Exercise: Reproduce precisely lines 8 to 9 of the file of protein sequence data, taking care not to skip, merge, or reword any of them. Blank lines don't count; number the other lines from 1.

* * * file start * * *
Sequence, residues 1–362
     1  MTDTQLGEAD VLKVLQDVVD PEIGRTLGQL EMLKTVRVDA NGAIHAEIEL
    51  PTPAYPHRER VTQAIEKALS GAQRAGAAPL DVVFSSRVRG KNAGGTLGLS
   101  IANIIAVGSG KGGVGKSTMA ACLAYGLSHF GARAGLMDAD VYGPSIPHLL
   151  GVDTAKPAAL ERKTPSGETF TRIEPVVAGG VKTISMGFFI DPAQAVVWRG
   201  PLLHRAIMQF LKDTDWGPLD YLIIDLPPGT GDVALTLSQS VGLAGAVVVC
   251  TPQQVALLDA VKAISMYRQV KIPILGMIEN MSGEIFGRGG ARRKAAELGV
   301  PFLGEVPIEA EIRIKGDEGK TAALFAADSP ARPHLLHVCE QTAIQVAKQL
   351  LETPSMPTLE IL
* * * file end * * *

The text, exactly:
   301  PFLGEVPIEA EIRIKGDEGK TAALFAADSP ARPHLLHVCE QTAIQVAKQL
   351  LETPSMPTLE IL